Close Encounters Film Screenings at WAG
Winnipeg Art Gallery Auditorium
As part of Close Encounters: The Next 500 Years, ﬁlms by 3 artists will be regularly screened at the Winnipeg Art Gallery.
Films will be shown consecutively in this order:
Give Us Our Skeletons! (Antakaa Meille Luurankomme), a ﬁlm by Paul-Anders Simma, Length: 49 minutes
Night Cries: A Rural Tragedy, a ﬁlm by Tracey Moffatt, Length: 19 minutes
Bedevil, a ﬁlm by Tracey Moffatt, Length: 90 minutes
Iracema (de Questembert), a ﬁlm by Maria Thereza Alves, Length: 27 minutes
Maria Thereza Alves is a Brazilian artist living in Europe who researches social and cultural phenomena, working particularly with situations that question social circumstances. Her work examines what we think we know, who we think we are, and the realities of where and how we actually are at this time. Alves has recently exhibited in the Guangzhou Triennal, Manifesta in Trento, the Prague Biennal, the Athens Biennal and the Lyon Biennal where she received the Francophonie prize.
Iracema (de Questembert)
Length: 27 minutes
Courtesy the artist
In her docudrama Iracema (de Questembert), Maria Thereza Alves recounts the ambiguous story of Iracema, a young woman from the isolated Brazilian village of Corubime. Iracema makes the long journey from São Paulo to France, where she learns that she has just inherited her father’s estate. She is now the owner of a vast property which the local authorities would like to buy from her rather than see it in the hands of a “savage”.
Paul-Anders Simma is a Sámi ﬁlmmaker, who grew up in a nomad family. He was educated at the Swedish Film Institute and has worked in TV production since the mid-1980s. All his ﬁlms have a close connection with Sámi culture. His breakthrough short ﬁlm Let’s Dance! (1991) is a humorous story about a Sámi boy going to his ﬁrst dance. Simma’s feature ﬁlms include The Minister of State (1997) and The Legacy of the Tundra (1995), which explores the psychological dimensions of reindeer herding Sámi. His documentary work includes the celebrated Give Us Our Skeletons! (1999) about Sámi activist Nils Somby and his quest for the repatriation of the human remains of Sámi ancestors.
Give Us Our Skeletons! (Antakaa Meille Luurankomme)
Length : 49 minutes
Courtesy the Finnish Film Foundation
Give Us Our Skeletons! (Antakaa Meille Luurankomme in Finnish, Oaivveskaldjut in North Sami) is a 1999 documentary ﬁlm directed by Paul-Anders Simma about Niillas Somby, a Sami man who retraces his family ancestry as he searches for the head of his ancestor, Mons Somby.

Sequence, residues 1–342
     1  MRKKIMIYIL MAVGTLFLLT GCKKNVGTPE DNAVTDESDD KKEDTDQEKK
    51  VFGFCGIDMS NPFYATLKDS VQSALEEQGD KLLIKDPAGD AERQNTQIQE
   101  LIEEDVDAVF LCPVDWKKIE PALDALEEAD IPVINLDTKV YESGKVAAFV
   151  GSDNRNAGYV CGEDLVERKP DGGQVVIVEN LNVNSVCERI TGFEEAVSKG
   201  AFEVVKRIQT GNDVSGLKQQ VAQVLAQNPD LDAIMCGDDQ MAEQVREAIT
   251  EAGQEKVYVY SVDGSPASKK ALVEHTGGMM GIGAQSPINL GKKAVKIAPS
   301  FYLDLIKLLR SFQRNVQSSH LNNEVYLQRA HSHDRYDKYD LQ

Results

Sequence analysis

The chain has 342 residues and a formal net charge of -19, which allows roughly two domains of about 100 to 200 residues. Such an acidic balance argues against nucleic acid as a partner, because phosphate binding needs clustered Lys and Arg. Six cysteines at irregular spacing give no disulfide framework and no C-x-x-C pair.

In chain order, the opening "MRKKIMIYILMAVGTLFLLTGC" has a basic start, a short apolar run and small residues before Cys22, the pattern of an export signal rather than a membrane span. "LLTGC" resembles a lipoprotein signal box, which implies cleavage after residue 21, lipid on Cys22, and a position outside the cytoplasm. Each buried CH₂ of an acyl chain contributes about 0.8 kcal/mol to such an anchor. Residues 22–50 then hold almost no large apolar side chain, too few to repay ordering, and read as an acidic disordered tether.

Tracey Moffatt is an Australian photographer and ﬁlmmaker. Her work reﬂects her views on Aboriginality and the misconceptions about and representations of her people in art and cinema. Her earliest photographic work, a series of black-and-white portraits of members of the Aboriginal and Islander Dance Company, was entitledSome Lads (1986), and was a subtly subversive take on the 19th-century ethnographic photograph. Using a documentary style, Moffatt often draws on images from ﬁlm and television made during her youth in the 1960s and 1970s as an adopted half-Aboriginal child in a white family. She carefully stages images to reﬂect familiar tableaux, but with a twist.
Night Cries, A Rural Tragedy
Length: 19 minutes
Courtesy Women Make Movies, New York
On an isolated, surreal Australian homestead, a middle-aged Aboriginal woman nurses her dying white mother. The adopted daughter’s attentive gestures mask an almost palpable hostility. Their story alludes to the assimilation policy that forced Aboriginal children to be raised in white families. The stark, sensual drama unfolds without dialogue against vivid painted sets as the smooth crooning of an Aboriginal Christian singer provides ironic counterpoint.
Length: 90 minutes
Courtesy Women Make Movies, New York
Inspired by ghost stories she heard as a child from both her extended Aboriginal and Irish Australian families, Tracey Moffatt has constructed a sublime trilogy in which characters are haunted by the past and bewitched by memories. All three stories are set in Moffatt’s highly stylized, hyper-real, hyper-imaginary Australian landscape.
This event is free and all are welcome.
Virtual exhibition/publication is available here.